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DPChallenge Forums >> Photography Discussion >> how big of an enlargement from a RAW file
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08/04/2009 09:27:14 PM · #1
I shoot with a canon 30D, always in RAW. Im wondering how large of print can i get while still looking like a quality print?
08/04/2009 09:33:29 PM · #2
Originally posted by brimac:

I shoot with a canon 30D, always in RAW. Im wondering how large of print can i get while still looking like a quality print?

That is dependent on more than just your camera.

How far away will the print be viewed from? You could make a 16" x 20" print that looks awful when viewed from 10 inches, and you could print a 16' x 20' print that looks great when viewed from 50 feet away.
08/04/2009 10:10:17 PM · #3
Depends on how you have it printed. But if you look at the image in photoshop & do View-Print Size, it should give you an idea. Now that I'm thinking about it, do that then look at Image-Image Size and it will give the dimensions in inches. My raw files come up as 40.708 x 27.104 inches.

I've had a large canvas and had poster sized images done from my Fuji and they look wonderful. I've done 16x20 from the 300D & the 40D and they look wonderful.
08/04/2009 10:18:40 PM · #4
This eventually boils down to a discussion of DPI and printing, so you should look into that- there are numerous other discussions about it, and what is acceptable.
Don't forget that there is also Genuine Fractals.
08/05/2009 04:07:13 AM · #5
I've printed a 24" x 20" from a jpg from my 40d which looks fantastic

Genuine Fractals (as above) claims to be able to enlarge the image by several hundred percent IIRC
08/05/2009 08:22:03 AM · #6
Opinions on what is a "quality" print vary greatly, but 200 dpi is often mentioned as good target. Assuming the file is sharp to begin with (good lens and technique, good processing) then 200 dpi should give a great-looking print. It's probably OK to drop to 150 dpi, depending on how critical you are, and how closely you'll examine the print. At 200 dpi, you're talking about 11.6 by 17.5 inches. At 150 dpi, you're talking 15.6 by 23.3 inches. At 150 dpi, up-sampling may help to make the file smoother. I don't find much benefit from Genuine Fractals.
08/05/2009 08:31:50 AM · #7
With my 8MP Rebel XT

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08/06/2009 03:31:19 AM · #8
I am always blown away but what the new enlargement software can do.
If you don't mind shelling out the few bucks its well worth it if you are into large prints.

I have had the privilege of trying Blow Up 2 by Alien Skin software.
It was ok.

I can do an example if anyone is interested.
A before and after comparison.

Just let me know :)
08/06/2009 05:54:37 AM · #9
This is one panel of a 6' x 11' image from my 6MP D70s, blown up to a 120MB jpeg file in CS2.

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I regularly print out 16x20s, and have done a few in the 32x40 range.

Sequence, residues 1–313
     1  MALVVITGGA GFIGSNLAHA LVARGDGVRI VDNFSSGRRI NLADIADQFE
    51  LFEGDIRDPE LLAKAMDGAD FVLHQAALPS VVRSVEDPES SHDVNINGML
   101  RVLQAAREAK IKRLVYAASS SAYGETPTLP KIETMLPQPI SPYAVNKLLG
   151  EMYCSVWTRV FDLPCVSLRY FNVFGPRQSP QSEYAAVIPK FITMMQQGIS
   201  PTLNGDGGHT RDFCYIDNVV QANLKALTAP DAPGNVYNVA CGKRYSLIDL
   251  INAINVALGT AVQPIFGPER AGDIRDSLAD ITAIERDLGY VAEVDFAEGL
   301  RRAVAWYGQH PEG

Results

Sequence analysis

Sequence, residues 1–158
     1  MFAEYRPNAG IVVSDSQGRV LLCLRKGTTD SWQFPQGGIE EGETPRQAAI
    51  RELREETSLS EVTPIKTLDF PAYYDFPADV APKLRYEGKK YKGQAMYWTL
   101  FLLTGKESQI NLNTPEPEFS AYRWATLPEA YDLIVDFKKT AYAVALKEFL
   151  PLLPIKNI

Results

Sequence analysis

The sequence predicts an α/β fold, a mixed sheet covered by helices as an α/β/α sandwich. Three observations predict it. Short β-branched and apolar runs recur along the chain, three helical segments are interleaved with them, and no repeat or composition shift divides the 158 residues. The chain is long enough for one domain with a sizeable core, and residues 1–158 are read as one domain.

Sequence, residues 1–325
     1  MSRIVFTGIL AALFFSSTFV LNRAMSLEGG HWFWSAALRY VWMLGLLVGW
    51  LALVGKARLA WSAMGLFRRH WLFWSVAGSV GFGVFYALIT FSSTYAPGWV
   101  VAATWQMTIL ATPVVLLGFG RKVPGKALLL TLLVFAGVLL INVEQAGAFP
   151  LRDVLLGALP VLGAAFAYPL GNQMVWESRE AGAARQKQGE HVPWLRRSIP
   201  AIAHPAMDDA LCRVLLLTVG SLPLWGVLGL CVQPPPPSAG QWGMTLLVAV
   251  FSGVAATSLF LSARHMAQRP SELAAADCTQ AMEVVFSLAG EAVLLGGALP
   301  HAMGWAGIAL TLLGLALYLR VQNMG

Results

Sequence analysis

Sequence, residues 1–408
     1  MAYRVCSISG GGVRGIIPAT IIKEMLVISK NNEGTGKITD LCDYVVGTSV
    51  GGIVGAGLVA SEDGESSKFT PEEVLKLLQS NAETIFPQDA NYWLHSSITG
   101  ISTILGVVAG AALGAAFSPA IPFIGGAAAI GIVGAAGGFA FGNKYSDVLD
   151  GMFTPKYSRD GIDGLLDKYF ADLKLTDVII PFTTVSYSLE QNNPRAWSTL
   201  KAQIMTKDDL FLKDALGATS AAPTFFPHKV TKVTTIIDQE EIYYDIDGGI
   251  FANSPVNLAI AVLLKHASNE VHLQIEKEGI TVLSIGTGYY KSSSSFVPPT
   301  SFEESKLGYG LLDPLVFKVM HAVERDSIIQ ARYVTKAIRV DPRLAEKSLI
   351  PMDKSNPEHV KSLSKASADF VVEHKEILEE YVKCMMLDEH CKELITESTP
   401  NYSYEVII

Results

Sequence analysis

It does depend on the image, not the MP of your camera.

Message edited by author 2009-08-06 05:56:25.
08/06/2009 05:58:20 AM · #10
Originally posted by bobonacus:

I've printed a 24" x 20" from a jpg from my 40d which looks fantastic

Genuine Fractals (as above) claims to be able to enlarge the image by several hundred percent IIRC

GF is what a lot of printers use and swear by.
08/06/2009 06:20:11 AM · #11
Here are some examples.
The source photo I was using was the original version of this.' . substr('//images.dpchallenge.com/images_challenge/1000-1999/1032/120/Copyrighted_Image_Reuse_Prohibited_794498.jpg', strrpos('//images.dpchallenge.com/images_challenge/1000-1999/1032/120/Copyrighted_Image_Reuse_Prohibited_794498.jpg', '/') + 1) . '
What I did was zoom in to 200%, crop, which gave me this.' . substr('//images.dpchallenge.com/images_portfolio/90000-94999/93565/120/812225.jpg', strrpos('//images.dpchallenge.com/images_portfolio/90000-94999/93565/120/812225.jpg', '/') + 1) . '
Then I applied an increase of 10X to the image and cropped again, using both CS4 (bicubic smoother for upsizing) and GF (I cropped to keep the file sizes for upload manageable-they get giant). I have provided two zoom ratios, 25% and 66.67% to give you somewhat of an idea of what it looks like.
CS4 @ 25% ' . substr('//images.dpchallenge.com/images_portfolio/90000-94999/93565/120/812226.jpg', strrpos('//images.dpchallenge.com/images_portfolio/90000-94999/93565/120/812226.jpg', '/') + 1) . '
GF @ 25% ' . substr('//images.dpchallenge.com/images_portfolio/90000-94999/93565/120/812227.jpg', strrpos('//images.dpchallenge.com/images_portfolio/90000-94999/93565/120/812227.jpg', '/') + 1) . '
CS4 @ 66.67% ' . substr('//images.dpchallenge.com/images_portfolio/90000-94999/93565/120/812222.jpg', strrpos('//images.dpchallenge.com/images_portfolio/90000-94999/93565/120/812222.jpg', '/') + 1) . '
GF @ 25% ' . substr('//images.dpchallenge.com/images_portfolio/90000-94999/93565/120/812224.jpg', strrpos('//images.dpchallenge.com/images_portfolio/90000-94999/93565/120/812224.jpg', '/') + 1) . '

The difference is subtle but it's there. If you magnified a 30D RAW by what I've done, you could print it at 300 DPI and it would be 116.8"X77.8666"
Keep in mind your viewing distance is closely related to how good this will all actually look. That's why I suggested you look into the relationship between DPI and quality.

ETA: No changes were made to files except enlargement. Enlargement was done in one big leap, though I've heard that doing it progressively can give you smoother results.

Message edited by author 2009-08-06 06:25:53.
08/06/2009 07:14:20 AM · #12
If I remember correctly, Scott Kelby writes in his latest book on CS4 that you can get better upsizing results by using bicubic sharper instead of bicubic smoother...
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